Several sessions were attended by veterans of the Iraq War and by the staff person for our Veteran’s Center. This led to some heated discussions in which panelists or speakers were politely challenged or questioned and where veterans engaged each other in discourse.
Marshall, a town of not quite 13,000 continues to maintain a vigil on Tuesday evenings that began before the war and has not missed a week since. No matter the weather (and it is often bad) somewhere between 5 and 25 people stand on the corner of Main and East College Drive from 5:30 PM until 6:00 PM. Organized by the Marshall Area Peace Seekers, members of the peace community sponsor speakers and help families of soldiers in Iraq with household chores, by buying phone cards, and what ever else we can do.
Jeff Kolnick, Kolnick@southwestmsu.edu
Susan Strasser, <email@example.com>
The University of Louisville joined the national teach-in last October with an afternoon and evening teach-in Wednesday, October 18 on the war and the Middle East. We brought together faculty at Louisville and Cincinnati to talk about the issues behind the war, particularly oil, resources and development. We also added a session on the war in Lebanon.
Due to a mixup in who was doing what publicity we did not get the kind of turn out we had hoped. We had about 40 participants in the teach-in. The students were particularly interested in continuing activity.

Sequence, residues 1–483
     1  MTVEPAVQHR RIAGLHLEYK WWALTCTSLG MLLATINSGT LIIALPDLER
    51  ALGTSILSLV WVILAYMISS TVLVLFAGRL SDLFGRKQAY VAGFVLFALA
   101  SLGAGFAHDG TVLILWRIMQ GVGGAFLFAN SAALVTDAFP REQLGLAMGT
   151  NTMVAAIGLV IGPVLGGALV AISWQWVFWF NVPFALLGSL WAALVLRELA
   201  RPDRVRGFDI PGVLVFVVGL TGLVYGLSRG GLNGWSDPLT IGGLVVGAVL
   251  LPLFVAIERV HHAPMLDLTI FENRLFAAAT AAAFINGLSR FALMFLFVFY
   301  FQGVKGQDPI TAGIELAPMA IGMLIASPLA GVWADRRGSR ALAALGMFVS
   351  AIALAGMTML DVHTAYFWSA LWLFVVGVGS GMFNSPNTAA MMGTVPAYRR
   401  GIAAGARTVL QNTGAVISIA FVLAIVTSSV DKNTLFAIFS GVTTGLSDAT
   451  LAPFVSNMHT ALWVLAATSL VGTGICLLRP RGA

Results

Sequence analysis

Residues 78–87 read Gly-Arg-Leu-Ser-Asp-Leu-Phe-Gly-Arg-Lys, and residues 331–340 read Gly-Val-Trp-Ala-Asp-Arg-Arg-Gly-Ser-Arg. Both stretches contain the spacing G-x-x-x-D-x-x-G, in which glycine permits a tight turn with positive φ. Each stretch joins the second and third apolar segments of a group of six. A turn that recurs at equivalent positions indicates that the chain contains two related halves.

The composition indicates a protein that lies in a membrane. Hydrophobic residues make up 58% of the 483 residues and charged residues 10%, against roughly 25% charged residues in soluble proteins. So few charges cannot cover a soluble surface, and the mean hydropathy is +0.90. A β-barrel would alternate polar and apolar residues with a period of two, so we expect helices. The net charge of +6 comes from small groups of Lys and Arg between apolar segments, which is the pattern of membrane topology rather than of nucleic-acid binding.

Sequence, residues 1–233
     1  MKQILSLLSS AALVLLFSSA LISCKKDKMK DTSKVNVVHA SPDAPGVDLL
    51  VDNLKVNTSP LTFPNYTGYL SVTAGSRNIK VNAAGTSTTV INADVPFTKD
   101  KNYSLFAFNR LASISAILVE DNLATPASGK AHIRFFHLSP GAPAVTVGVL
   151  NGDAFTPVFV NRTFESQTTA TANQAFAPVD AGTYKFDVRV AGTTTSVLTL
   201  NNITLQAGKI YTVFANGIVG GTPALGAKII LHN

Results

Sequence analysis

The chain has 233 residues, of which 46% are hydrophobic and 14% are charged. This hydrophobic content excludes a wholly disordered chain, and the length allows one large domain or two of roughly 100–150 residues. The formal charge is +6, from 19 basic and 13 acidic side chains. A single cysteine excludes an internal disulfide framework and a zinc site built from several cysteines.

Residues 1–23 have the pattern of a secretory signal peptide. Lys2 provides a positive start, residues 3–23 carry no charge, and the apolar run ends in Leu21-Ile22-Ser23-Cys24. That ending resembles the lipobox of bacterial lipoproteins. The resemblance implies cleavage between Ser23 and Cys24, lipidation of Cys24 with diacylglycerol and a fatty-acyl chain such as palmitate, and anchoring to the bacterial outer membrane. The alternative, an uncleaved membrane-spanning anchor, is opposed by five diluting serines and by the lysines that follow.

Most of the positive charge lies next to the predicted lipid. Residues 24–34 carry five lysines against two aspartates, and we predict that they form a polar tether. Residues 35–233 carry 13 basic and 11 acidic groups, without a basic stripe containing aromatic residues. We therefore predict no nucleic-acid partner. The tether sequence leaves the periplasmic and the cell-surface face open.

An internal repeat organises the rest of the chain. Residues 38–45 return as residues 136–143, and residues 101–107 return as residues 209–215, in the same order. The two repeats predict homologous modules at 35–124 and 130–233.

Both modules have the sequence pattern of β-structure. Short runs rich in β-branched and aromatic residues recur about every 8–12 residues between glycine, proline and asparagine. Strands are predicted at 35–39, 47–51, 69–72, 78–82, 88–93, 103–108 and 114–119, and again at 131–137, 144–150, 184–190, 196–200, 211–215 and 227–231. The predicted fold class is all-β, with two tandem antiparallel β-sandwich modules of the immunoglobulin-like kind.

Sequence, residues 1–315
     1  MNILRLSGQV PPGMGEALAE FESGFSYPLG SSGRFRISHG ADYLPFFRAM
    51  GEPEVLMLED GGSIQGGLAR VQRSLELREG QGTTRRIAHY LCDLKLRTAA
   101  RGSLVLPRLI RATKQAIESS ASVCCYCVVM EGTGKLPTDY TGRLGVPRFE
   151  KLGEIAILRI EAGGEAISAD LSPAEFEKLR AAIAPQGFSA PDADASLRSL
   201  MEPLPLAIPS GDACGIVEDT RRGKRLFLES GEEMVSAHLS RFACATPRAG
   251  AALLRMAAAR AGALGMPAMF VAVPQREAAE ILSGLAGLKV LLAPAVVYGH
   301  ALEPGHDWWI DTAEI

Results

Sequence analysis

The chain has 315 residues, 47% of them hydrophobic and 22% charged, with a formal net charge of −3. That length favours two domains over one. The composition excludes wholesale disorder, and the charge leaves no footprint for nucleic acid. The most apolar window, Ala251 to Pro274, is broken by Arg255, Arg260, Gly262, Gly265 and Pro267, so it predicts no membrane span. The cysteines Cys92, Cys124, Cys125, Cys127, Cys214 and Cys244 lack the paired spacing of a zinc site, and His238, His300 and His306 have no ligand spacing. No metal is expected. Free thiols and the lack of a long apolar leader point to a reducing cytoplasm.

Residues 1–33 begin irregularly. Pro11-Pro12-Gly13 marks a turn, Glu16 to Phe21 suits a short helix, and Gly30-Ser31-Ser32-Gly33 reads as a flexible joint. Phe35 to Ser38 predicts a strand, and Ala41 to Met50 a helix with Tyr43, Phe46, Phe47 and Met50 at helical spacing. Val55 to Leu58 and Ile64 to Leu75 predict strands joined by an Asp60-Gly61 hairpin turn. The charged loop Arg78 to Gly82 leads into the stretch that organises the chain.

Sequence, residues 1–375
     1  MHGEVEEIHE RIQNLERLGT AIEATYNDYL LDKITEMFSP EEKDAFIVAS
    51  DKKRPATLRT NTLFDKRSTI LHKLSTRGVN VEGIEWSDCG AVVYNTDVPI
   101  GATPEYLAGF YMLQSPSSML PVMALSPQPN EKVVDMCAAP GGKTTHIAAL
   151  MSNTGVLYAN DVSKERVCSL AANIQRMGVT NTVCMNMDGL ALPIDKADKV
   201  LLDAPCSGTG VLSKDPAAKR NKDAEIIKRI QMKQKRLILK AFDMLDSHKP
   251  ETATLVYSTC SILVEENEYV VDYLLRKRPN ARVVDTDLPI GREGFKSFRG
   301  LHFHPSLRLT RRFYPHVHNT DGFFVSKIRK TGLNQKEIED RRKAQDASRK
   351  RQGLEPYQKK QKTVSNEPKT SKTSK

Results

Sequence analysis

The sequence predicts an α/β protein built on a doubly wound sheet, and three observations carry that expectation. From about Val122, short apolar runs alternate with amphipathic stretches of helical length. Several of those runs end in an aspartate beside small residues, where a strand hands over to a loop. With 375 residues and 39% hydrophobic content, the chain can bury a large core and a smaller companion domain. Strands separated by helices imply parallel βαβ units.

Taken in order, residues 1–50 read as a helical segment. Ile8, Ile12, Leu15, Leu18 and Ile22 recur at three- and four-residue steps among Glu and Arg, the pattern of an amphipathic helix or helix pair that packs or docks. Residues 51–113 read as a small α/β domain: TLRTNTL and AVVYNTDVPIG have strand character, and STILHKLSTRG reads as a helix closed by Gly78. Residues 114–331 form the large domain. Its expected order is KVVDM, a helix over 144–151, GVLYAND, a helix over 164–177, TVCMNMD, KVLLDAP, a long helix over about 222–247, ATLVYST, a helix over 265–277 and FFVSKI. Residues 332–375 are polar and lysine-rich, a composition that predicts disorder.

Louisville has an active anti-war committee that regularly does demonstrations, vigils, etc. As a commuter school most of our students tend to be involved in these activities that are community-based rather than university-based. Our hope is to use the university as a source for information but for the focus of activism to continue to be in the larger community.
As the war escalates we hope to increase our activity perhaps with a spring teach-in linked to a larger community project.
John Cumbler, firstname.lastname@example.org
Our teach-in at the University of Maine on Tuesday evening, October 24, drew about 140 people, including both students and members of the community.
Brian Clement, an Iraq war veteran and UM student delivered the powerful keynote address of the night. Clement described his one-year tour of duty in Iraq and detailed how he became progressively more disillusioned with the war effort there. U.S. forces, he argued, often ended up destroying in battle areas that they had just rebuilt. Clement also grew skeptical about the amount of time U.S. soldiers devoted to building U.S. military bases and an infrastructure to support the U.S. presence there while Iraqi civilians remained without basic services such as electricity. Clement spoke movingly about a friend who died in Iraq and noted that he found it impossible to tell his friend’s wife that his death had been for a good cause. Clement received a standing ovation for his talk.
Several historians from the University of Maine’s history department also briefly spoke and provided important historical analyses of the war in Iraq that are rarely covered in the media. Alex Grab argued that many of the problems in Iraq today could be traced back to the way in which Britain artificially constructed that nation in the aftermath of World War I and included within its boundaries groups that had quite distinct heritages and conflicting agendas. He also explored European and U.S. imperial oversight of the Middle East in the interwar years and their exploitation of the region’s oil resources.